In November, the Bay Area Air Quality Management District passed the Climate Protection Resolution on a unanimous vote. The Resolution commits the Air District to lead the Bay Area in reducing greenhouse gas (GHG) emissions by 80% from 1990 levels by 2050.
Why this specific, sharp, reduction? Because it’s an international standard; the reduction that scientists believe is necessary to keep global warming to less than 2° C. A 2° rise, according to the Intergovernmental Panel on Climate Change, is an “upper limit” for avoiding dangerous changes in the climate. (New research indicates that even stronger emissions reductions may be needed; studies are continuing.)
Unfortunately, greenhouse-gas emissions worldwide are still rising, by an average of 3% a year. To meet the new commitment, the Bay Area will need to reduce emissions–by about 3% a year until 2020, and 5% a year after that. This will not only cut greenhouse gases; other pollution will drop dramatically.
Success in the Bay Area will show the rest of the world how they, too, can cut emissions and pollution, while making the Bay Area a leader in climate policy and technology.
The Air District has created a Work Plan to begin the process, and is working on a Climate Action Strategy to support the steady strong reductions needed to meet the resolution’s goal.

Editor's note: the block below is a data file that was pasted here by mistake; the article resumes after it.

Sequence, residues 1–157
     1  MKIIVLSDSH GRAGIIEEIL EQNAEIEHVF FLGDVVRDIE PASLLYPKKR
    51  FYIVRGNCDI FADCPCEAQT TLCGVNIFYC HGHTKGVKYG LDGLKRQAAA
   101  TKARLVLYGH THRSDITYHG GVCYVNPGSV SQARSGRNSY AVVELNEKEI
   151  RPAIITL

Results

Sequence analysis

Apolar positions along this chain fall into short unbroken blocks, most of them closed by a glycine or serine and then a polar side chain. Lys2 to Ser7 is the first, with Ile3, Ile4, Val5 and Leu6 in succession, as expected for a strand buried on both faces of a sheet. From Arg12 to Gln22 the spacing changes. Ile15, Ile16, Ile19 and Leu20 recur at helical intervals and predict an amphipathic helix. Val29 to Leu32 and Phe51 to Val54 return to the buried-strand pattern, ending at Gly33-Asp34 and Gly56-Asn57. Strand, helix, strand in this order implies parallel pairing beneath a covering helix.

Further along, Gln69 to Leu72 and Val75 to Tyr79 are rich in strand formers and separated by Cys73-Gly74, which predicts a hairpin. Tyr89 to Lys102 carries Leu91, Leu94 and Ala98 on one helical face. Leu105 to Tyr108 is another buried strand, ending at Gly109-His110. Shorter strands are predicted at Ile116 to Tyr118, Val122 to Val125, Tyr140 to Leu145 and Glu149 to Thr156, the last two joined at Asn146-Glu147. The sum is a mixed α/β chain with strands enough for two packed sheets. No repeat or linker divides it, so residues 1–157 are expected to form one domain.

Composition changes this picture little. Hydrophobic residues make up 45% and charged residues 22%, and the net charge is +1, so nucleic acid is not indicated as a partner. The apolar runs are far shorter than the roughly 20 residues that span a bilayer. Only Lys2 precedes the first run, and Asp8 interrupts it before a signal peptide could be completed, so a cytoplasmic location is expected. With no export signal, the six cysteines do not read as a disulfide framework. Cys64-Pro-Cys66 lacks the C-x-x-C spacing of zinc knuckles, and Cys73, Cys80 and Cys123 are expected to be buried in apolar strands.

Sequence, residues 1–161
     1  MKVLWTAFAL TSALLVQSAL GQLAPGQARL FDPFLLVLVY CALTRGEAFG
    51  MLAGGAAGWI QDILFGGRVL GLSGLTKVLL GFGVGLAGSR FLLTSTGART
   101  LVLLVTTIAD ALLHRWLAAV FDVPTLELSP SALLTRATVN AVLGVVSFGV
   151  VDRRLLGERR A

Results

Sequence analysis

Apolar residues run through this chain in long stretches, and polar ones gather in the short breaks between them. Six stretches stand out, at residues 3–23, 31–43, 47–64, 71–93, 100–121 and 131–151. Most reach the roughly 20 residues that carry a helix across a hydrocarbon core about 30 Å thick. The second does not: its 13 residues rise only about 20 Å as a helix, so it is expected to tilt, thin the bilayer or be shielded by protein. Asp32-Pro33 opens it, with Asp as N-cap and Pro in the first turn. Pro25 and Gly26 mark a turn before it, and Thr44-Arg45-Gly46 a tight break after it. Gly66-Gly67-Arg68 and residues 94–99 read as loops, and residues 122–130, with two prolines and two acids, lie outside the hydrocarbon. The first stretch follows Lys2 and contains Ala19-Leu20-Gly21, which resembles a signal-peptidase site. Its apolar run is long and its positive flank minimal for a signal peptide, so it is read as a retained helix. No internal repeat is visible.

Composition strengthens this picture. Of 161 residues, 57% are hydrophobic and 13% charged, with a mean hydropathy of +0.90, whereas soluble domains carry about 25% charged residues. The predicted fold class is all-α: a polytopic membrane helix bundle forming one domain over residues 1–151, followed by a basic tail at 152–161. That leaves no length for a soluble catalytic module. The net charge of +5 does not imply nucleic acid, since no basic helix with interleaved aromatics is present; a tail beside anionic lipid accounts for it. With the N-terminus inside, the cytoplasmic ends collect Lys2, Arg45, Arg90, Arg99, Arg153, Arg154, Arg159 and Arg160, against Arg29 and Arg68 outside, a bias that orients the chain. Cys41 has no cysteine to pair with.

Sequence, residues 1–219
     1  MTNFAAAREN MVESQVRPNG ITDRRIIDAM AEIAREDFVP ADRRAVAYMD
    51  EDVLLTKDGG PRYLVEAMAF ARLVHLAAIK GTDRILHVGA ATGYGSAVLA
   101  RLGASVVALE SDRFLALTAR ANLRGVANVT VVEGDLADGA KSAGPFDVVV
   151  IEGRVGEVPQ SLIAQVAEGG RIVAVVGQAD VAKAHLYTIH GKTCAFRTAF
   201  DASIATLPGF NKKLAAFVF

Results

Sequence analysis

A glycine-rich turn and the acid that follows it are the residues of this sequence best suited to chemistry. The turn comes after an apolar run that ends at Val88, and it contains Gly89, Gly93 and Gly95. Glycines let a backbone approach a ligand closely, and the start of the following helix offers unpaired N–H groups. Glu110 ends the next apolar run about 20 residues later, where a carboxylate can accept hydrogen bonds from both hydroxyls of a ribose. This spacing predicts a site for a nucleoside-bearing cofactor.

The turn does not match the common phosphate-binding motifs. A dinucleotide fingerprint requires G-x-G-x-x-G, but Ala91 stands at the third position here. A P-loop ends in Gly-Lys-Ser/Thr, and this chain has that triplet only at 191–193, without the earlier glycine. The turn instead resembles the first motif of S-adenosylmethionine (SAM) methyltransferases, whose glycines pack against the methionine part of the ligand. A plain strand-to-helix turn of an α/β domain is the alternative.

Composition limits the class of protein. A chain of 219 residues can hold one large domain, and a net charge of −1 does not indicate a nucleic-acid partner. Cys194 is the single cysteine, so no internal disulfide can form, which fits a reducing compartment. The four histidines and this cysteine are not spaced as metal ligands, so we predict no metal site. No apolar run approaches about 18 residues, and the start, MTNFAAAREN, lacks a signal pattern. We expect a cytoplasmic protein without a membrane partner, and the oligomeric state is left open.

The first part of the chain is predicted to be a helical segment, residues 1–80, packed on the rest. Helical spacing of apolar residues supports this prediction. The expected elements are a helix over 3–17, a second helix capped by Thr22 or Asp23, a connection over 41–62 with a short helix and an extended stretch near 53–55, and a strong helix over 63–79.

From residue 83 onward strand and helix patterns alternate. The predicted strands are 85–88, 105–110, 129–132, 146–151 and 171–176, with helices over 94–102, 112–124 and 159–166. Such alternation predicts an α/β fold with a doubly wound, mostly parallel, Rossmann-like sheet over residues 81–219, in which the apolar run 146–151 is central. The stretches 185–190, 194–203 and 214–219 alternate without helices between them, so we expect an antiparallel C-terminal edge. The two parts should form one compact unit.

We are worried, however, whether the District will live up to its commitment. The District has taken innovative steps to reduce pollution, but recently we have heard public comments from District leadership about what it can’t do.
Climate change is the defining issue of our time, and the Bay Area has a unique and historic opportunity to lead on solutions. We need the Air District to carry out its groundbreaking commitment–and bring others on board in helping to solve this problem, locally and globally.
Contact your city councilmembers and county supervisors asking that your city and county work with the Air District to implement 80% reductions in greenhouse gas emissions from 1990 levels by 2050. Raise this issue in public comments at meetings and talk to your elected representatives individually. The specific reduction target is important; anything less is certain to be inadequate.
You can also join BayCAP (the Bay Climate Action Plan), a campaign of 350 Bay Area partnering with the Sierra Club and other local environmental groups, at www.350bayarea.org/bay_climate_action_plan. BayCAP needs people all around the Bay Area to work regionally and in 350 Bay Area’s local groups.